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Main article: Mongolian Armed Forces

Mongolia supported the 2003 invasion of Iraq, and has sent several successive contingents of
103 to 180 troops each to Iraq. About 130 troops are currently deployed in Afghanistan. 200
Mongolian troops are serving in Sierra Leone on a UN mandate to protect the UN's special court
set up there, and in July 2009, Mongolia decided to send a battalion to Chad in support of

From 2005 to 2006, about 40 troops were deployed with the Belgian and Luxembourgish
contingent in Kosovo. On November 21, 2005, George W. Bush became the first-ever sitting
U.S. President to visit Mongolia.[62] In 2004, under the Bulgarian chairmanship, The
Organisation for Security and Cooperation in Europe (OSCE), invited Mongolia as its newest
Asian Partner. In August, 2011, U.S. vice president Joe Biden made the first visit by a sitting
vice president to Mongolia since Henry Wallace toured the region in 1944.[63]

Main article: Culture of Mongolia

Riders during Naadam festival

Naadam is the largest summer celebration

The main festival is Naadam, which has been organised for centuries, consists of three
Mongolian traditional sports, archery, horse-racing (over long stretches of open country, not the
short racing around a track practiced in the West), and wrestling. Nowadays it is held on July 11
to July 13 in the honour of the anniversaries of the National Democratic Revolution and
foundation of the Great Mongol State. Another very popular activity called Shagaa is the
"flicking" of sheep ankle bones at a target several feet away, using a flicking motion of the finger
to send the small bone flying at targets and trying to knock the target bones off the platform. This
contest at Naadam is very popular and develops a serious audience among older Mongolians. In
Mongolia, the khoomei (or throat singing), style of music is popular, particularly in parts of
Western Mongolia.

The ornate symbol in the leftmost bar of the national flag is a Buddhist icon called Soyombo. It
represents the sun, moon, stars, and heavens per standard cosmological symbology abstracted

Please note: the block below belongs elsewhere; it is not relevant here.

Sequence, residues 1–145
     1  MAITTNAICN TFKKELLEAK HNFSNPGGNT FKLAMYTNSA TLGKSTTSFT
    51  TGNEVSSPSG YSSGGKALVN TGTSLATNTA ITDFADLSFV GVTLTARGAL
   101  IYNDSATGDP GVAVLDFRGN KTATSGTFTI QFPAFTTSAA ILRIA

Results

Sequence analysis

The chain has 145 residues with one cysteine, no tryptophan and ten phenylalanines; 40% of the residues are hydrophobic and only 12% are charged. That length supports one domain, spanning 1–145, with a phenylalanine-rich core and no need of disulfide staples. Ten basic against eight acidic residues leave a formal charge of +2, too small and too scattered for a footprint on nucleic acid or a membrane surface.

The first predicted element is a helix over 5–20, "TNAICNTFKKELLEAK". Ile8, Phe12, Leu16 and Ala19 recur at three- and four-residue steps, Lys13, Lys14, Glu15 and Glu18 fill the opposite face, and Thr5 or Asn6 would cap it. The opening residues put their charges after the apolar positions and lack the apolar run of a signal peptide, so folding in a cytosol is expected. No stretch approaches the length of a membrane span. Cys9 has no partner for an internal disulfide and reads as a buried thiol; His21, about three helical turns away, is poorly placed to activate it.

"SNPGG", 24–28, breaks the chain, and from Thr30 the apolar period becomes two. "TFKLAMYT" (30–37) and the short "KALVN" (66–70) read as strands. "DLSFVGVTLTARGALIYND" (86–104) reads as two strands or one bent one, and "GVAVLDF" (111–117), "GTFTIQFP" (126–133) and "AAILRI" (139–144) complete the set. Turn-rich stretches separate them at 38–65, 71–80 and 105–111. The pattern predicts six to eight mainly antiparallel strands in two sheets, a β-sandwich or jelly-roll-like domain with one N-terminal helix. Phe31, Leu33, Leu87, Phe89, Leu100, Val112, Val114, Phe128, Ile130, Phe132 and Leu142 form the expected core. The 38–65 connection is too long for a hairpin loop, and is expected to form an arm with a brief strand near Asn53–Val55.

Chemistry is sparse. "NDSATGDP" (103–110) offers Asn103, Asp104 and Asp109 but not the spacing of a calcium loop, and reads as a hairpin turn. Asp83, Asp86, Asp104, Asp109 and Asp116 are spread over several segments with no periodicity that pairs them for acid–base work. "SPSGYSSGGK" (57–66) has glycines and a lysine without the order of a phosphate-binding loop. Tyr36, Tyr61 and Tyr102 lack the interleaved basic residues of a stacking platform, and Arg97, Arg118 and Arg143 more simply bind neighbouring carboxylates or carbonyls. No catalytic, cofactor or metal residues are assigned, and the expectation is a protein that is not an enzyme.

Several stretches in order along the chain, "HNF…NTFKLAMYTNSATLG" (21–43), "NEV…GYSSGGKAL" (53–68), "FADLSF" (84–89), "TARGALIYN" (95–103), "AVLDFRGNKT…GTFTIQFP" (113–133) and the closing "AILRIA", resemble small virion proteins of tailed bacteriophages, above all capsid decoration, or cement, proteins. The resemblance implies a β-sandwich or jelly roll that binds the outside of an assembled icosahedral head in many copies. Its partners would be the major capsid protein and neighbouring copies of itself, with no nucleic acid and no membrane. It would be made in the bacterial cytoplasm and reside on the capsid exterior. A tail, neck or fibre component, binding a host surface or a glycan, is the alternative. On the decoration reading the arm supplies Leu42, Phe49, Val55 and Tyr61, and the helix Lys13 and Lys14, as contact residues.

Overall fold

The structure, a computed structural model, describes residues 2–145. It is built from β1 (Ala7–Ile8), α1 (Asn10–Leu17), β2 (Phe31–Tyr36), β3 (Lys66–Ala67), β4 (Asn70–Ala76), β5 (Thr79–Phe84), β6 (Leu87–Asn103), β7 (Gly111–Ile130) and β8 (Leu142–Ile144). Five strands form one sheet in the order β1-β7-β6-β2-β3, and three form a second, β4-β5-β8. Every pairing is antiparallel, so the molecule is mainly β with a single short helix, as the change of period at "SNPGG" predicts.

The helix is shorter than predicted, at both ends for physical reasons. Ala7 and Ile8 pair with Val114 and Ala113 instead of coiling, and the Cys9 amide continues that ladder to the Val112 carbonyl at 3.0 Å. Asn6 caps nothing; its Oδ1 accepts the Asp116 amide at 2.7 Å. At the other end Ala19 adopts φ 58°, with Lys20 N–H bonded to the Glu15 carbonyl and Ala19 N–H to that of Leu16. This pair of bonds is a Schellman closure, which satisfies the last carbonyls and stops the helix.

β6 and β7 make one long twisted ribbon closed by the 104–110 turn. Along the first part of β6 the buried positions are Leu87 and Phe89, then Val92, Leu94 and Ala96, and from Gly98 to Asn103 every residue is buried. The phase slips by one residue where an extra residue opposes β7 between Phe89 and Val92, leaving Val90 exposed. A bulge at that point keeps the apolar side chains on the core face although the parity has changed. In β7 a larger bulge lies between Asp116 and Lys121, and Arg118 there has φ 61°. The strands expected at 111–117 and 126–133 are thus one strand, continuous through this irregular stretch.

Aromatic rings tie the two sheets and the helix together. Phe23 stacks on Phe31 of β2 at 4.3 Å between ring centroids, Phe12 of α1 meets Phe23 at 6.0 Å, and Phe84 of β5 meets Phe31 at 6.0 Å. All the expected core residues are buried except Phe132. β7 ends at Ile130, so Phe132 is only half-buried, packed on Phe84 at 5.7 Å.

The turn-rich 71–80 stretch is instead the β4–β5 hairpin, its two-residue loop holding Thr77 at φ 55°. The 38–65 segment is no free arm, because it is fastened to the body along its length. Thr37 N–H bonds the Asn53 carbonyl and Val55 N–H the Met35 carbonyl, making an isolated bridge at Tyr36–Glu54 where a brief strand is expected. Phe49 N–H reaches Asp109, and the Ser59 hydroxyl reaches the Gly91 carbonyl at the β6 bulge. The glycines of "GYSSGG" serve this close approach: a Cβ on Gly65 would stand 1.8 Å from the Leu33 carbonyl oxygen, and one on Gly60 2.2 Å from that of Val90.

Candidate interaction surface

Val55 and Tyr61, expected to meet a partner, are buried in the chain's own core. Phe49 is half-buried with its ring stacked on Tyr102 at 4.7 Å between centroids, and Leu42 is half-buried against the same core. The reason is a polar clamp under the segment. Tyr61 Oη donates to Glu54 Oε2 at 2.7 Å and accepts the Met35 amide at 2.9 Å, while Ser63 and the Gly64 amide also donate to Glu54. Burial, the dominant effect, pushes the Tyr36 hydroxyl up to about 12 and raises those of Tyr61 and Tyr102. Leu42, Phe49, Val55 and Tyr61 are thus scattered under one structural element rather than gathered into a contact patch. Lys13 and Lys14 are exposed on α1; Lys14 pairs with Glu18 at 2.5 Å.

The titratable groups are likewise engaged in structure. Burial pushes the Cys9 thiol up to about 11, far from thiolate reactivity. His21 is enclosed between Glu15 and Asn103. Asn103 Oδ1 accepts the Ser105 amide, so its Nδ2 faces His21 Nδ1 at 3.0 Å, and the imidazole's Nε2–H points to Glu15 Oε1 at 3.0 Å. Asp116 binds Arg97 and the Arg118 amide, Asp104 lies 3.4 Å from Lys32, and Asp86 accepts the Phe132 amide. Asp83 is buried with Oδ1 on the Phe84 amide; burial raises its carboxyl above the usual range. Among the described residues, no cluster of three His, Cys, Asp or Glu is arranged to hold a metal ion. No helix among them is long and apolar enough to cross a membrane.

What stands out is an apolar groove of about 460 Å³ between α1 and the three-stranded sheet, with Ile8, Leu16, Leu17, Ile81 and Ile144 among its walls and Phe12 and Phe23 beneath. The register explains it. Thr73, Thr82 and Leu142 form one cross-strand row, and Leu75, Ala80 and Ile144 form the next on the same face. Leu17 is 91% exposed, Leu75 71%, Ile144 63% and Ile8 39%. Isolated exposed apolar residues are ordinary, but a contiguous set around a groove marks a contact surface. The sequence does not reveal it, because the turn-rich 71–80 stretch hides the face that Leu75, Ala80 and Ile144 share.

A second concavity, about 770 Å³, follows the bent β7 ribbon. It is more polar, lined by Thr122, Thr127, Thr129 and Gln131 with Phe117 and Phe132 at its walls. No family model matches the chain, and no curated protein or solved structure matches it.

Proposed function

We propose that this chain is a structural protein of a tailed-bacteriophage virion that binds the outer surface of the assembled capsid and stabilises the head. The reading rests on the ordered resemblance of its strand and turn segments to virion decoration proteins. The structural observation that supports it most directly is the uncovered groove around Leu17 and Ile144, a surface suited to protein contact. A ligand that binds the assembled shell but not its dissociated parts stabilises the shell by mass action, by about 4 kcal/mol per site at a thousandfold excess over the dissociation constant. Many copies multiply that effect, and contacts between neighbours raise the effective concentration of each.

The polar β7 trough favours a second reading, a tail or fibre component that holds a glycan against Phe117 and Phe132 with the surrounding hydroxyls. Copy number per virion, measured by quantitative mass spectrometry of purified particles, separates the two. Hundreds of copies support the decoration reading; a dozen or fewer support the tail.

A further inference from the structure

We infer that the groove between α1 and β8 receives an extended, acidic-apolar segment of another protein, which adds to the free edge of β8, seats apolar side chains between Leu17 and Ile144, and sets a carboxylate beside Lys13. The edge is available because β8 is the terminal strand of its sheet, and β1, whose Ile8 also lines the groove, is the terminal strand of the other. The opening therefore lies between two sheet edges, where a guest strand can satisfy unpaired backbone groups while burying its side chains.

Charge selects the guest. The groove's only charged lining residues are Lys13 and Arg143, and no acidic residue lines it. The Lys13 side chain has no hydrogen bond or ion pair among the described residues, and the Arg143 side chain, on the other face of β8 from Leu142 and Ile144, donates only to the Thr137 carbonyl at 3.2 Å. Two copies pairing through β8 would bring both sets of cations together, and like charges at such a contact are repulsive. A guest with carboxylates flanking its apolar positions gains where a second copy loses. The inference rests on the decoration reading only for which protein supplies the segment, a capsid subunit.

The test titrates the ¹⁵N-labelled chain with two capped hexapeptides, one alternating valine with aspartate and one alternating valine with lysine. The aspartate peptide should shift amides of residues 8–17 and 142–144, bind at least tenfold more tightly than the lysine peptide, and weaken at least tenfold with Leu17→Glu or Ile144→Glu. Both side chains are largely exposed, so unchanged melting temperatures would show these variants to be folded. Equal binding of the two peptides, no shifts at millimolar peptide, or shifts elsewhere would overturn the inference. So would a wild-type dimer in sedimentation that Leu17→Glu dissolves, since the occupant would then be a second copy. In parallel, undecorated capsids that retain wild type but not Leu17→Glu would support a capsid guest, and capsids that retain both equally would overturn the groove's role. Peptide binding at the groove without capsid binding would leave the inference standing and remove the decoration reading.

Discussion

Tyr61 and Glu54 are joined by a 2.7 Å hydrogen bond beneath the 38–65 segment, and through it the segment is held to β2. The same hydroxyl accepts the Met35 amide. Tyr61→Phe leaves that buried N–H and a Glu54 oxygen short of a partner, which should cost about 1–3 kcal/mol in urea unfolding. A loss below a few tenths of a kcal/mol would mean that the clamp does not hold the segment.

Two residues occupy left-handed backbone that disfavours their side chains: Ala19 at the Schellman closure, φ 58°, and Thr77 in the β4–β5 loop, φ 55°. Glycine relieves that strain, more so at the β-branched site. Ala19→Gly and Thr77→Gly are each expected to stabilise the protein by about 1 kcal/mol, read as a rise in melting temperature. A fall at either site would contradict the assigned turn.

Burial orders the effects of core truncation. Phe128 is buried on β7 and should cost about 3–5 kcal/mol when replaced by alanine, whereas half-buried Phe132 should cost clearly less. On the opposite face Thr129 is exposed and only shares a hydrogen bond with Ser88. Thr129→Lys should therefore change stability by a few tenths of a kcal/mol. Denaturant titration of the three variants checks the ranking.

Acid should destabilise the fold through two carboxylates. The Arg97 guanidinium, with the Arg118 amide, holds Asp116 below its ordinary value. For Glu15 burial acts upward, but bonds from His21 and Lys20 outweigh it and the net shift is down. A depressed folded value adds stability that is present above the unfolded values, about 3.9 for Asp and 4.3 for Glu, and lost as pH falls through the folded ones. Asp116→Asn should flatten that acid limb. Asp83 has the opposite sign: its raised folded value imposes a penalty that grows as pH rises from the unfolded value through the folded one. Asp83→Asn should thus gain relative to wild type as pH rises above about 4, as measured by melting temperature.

from that seen in traditional thangka paintings.


Mongolia's Naadam festival takes place over three days in the summer and includes horse racing,
archery, and Mongolian wrestling. These three sports, traditionally recognized as the three
primary masculine activities, are the most widely watched and practiced sports throughout the

Horse riding is especially central to Mongolian culture. The long-distance races that are
showcased during Naadam festivals are one aspect of this, as is the popularity of trick riding.
One example of trick riding is the legend that the Mongolian military hero Damdin Sükhbaatar
scattered coins on the ground and then picked them up while riding a horse at full gallop.

Other sports such as table tennis, basketball, and association football are increasingly getting
popular. More Mongolian table tennis players are competing internationally.

Bökhiin Örgöö, main arena of the Mongolian wrestling in Ulaanbaatar
Mongolian wrestling is a common sport

Wrestling is the most popular of all Mongol sports. It is the highlight of the Three Manly Games
of Naadam. Historians claim that Mongol-style wrestling originated some seven thousand years
ago. Hundreds of wrestlers from different cities and aimags around the country take part in the
national wrestling competition.

There are no weight categories or age limits. Each wrestler has his own attendant herald. The aim
of the sport is to knock one's opponent off balance and throw him down, making him touch the
ground with his elbow and knee.

The winners are honored with ancient titles: the winner of the fifth round gets the honorary title
of nachin (falcon), of the seventh and eighth rounds zaan (elephant), and of the tenth and
eleventh rounds arslan (lion). The wrestler who becomes the absolute champion is awarded the
title of avarga (Titan). Every subsequent victory at the national Naadam-festival will add an
epithet to the avarga title, like "Invincible Titan to be remembered by all". Beginning in 2003,
the Mongolian parliament adopted a new law on Naadam, making amendments to some of the
wrestling titles. The titles of iarudi and Khartsaga (Hawk) were added to the existing above-
mentioned rules.

The traditional wrestling costume includes an open-fronted jacket, tied around the waist with a
string. This is said to have come into use after the champion of a wrestling competition many
years ago was discovered to be a woman. The jacket was introduced to ensure that only men
could compete.

Mongolia's traditional wrestlers have made the transition to Japanese sumo wrestling with great
success. Asashōryū Akinori was the first Mongolian to be promoted to the top sumo rank of
yokozuna in 2003 and was followed by his countryman Hakuhō Shō in 2007.

Naidangiin Tüvshinbayar won Mongolia's first ever Olympic gold medal in the men's 100-
kilogram class of judo.[64]

Association football is also played in Mongolia. The Mongolia national football team began
playing again in the 1990s; it has yet to qualify for a major tournament. The Mongolia Premier
League is the top domestic competition.

Several Mongolian women have excelled in pistol shooting: Otryadyn Gündegmaa is a silver
medalist of the 2008 Olympic Games, Munkhbayar Dorjsuren is a double world champion and
Olympic bronze medal winner (now representing Germany), while Tsogbadrakhyn Mönkhzul is,
as of May 2007, ranked third in the world in the 25 m Pistol event

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